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A few weeks back I participated in a public discussion on education policy. It didn’t go very well. In fact, the experience served more as a cautionary tale or a lesson in what not to do rather than as an opportunity for honest and robust interaction on this important topic. It also reminded me of the importance of some key characteristics of IF public discussions–not that we always achieve them or that they are the sole components of a good discussion (there are many and several that are hard to predict or control).

To be fair to the facilitator and the organizers for this event, there were a number of gremlins working against good discussion from the very start. First, the scheduled facilitator was unable to be there due to weather related travel delays, and an unprepared staff person had to fill in at the last moment. Second, there were “technical difficulties” as the video presentation that was supposed to begin the discussion simply wouldn’t work despite the concentrated and earnest efforts of several geek squad mercenaries.

When it became obvious that the technology wasn’t going to cooperate, the staff member bravely went ahead and started the group discussion. At first things went reasonably well. She did a good job of soliciting comments from a number of participants, and it was soon clear that there were a number of interesting and different perspectives in the room. But after a few minutes things went south. As the facilitator began to summarize and/or clarify some of the comments and perspectives, she also begin to significantly and, I felt preemptively, editorialize at some length on “what we all know” must be “the right answer” (as well as the wrong answers) to the challenges facing American education. In short order–and likely unintentionally–she effectively shut down any chance for open-ended discussion and the expression of differing concerns and perspectives in favor of “well known truths.” While I likely agreed with her politics and many of her comments, I was frustrated that the facilitator was editorializing and dominating the discussion rather than facilitating the discussion of others and the development of their ideas.

There were other problems as well. There were about 30 people in the room–too many in 1 large group for a comfortable and meaningful discussion, especially since there were no introduction and no opportunity for people to get to know each other before diving into the policy substance. With this size group, I could tell that many participants weren’t comfortable speaking up, which left the comments to the more strident, opinionated, and domineering personalities in the room. And there were a few of those. As this discussion followed (in time and location) a significant attack on teachers unions, there were some very strong and differing feelings in the room about the role of those unions–both in the classroom and in the recent budgetary battles. This discussion offered little opportunity to explore legitimate differences and lots of opportunity for angry, even accusatory comments and hurt feelings.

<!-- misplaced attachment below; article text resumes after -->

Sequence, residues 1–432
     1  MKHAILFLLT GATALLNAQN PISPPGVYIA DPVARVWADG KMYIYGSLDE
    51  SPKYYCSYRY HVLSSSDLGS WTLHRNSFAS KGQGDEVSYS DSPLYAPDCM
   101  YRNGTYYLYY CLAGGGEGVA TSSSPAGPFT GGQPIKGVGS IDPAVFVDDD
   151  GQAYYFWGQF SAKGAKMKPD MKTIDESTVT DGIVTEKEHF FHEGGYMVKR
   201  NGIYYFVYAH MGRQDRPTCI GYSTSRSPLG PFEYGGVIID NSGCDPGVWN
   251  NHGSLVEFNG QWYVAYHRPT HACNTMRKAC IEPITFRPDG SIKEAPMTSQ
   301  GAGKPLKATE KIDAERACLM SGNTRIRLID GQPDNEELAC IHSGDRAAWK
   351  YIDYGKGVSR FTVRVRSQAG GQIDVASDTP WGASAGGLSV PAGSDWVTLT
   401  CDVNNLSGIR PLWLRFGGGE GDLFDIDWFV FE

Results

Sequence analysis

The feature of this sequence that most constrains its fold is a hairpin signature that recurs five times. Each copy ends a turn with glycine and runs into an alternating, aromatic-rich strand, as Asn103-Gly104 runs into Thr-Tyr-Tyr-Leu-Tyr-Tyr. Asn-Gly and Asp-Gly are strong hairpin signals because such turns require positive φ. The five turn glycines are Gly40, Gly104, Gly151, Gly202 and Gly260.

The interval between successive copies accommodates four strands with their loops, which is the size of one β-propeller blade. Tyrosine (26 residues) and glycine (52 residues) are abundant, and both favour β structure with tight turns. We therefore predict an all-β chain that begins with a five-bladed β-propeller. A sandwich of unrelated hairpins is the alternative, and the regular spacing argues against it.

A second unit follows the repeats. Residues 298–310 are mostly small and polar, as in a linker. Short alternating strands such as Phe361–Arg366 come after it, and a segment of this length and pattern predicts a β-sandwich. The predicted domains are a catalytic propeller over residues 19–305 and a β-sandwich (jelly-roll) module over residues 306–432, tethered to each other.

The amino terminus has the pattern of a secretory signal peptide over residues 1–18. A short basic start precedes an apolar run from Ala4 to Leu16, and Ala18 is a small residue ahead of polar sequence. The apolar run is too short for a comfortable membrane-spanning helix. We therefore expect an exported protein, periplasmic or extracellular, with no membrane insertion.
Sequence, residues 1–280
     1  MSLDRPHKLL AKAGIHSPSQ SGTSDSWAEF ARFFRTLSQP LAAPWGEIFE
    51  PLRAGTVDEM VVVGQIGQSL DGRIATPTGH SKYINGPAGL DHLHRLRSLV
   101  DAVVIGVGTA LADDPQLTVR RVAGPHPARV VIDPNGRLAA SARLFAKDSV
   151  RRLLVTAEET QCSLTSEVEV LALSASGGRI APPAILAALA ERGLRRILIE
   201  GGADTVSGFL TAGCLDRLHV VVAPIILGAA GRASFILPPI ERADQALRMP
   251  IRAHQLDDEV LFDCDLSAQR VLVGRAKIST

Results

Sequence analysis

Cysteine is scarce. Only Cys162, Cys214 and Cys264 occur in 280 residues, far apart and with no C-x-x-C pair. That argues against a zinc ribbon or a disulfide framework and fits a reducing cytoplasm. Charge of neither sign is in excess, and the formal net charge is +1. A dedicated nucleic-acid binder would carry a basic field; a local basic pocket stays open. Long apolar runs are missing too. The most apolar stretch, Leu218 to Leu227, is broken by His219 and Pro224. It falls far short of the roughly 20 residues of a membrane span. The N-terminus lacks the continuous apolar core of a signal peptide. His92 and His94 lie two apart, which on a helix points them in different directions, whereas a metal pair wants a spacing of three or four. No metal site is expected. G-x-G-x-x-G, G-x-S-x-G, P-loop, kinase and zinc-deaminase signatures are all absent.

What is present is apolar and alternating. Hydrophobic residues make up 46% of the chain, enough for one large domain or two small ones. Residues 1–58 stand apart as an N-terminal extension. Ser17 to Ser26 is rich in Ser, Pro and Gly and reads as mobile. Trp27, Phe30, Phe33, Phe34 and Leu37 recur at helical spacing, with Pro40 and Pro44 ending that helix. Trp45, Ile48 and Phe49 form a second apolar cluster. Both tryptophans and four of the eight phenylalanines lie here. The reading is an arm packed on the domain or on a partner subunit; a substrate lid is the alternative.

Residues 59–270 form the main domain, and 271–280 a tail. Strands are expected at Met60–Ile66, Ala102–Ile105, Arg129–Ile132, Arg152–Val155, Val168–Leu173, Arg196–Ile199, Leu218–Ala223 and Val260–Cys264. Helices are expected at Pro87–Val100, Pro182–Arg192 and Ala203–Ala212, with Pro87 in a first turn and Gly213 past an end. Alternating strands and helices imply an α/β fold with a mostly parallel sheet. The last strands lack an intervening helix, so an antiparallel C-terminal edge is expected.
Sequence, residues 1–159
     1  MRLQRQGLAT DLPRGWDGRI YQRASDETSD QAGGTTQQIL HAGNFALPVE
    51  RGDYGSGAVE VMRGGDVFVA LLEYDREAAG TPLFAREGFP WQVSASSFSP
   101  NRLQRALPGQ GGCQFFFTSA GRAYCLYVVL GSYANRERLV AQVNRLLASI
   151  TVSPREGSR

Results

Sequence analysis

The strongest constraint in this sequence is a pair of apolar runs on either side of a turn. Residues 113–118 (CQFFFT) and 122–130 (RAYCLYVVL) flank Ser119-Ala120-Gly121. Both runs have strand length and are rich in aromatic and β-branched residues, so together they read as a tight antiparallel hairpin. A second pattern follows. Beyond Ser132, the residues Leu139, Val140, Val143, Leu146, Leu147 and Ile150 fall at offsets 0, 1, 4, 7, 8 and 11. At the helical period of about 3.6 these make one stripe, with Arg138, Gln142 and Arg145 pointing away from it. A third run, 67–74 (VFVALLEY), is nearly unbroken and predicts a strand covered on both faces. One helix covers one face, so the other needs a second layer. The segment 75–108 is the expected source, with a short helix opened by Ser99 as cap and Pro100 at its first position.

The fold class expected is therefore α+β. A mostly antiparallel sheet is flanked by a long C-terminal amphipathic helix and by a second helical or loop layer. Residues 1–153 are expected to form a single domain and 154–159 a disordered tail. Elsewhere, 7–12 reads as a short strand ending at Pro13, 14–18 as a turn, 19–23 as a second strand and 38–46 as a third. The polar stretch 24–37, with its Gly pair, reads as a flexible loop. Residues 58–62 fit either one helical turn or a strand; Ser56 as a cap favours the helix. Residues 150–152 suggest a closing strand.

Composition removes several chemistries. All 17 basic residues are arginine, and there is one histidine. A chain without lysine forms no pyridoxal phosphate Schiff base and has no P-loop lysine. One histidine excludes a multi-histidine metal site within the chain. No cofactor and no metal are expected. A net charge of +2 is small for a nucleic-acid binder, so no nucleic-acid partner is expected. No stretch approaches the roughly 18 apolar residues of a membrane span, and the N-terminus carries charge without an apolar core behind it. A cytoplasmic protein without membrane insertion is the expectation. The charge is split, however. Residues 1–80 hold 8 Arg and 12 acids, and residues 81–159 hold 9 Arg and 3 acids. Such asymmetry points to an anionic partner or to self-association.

So what’s the “take away”? What did I learn from this failure, this teachable moment? I was just reminded of some basic dos and don’ts for all facilitators.

  • Do prepare, know the subject matter, test the logistics (make sure the video equipment will work, for example).
  • Do control the discussion, be prepared to cut off angry or other emotional exchanges and keep the discussion on the substance.
  • Do allow time for the participants to introduce themselves and get to know each other before jumping into difficult topics.
  • If you want a more in-depth discussion where most will feel comfortable participating, do limit the group size (or break larger groups into smaller ones)
  • If possible, do learn a bit about the participants in advance so you can be prepared for pet issues, one-trick ponies, and have an idea of who might offer alternative perspectives.
  • Do remain relatively neutral, limit your own comments on substance, and  if needed openly acknowledge your own perspective or bias.
  • Don’t editorialize, especially at length, don’t assume that “everyone knows” or agrees on the right answer.
  • Don’t allow angry, accusatory exchanges that produce lots of heat and almost no light on the subject.

IF discussions and facilitators don’t always succeed. Sometimes things don’t go well, and there are lots of other key elements that all have to come together for a good discussion. But we can learn from our mistakes and those of others.  Sometimes seeing a failed discussion can help remind us of the importance of doing lots of little things right.

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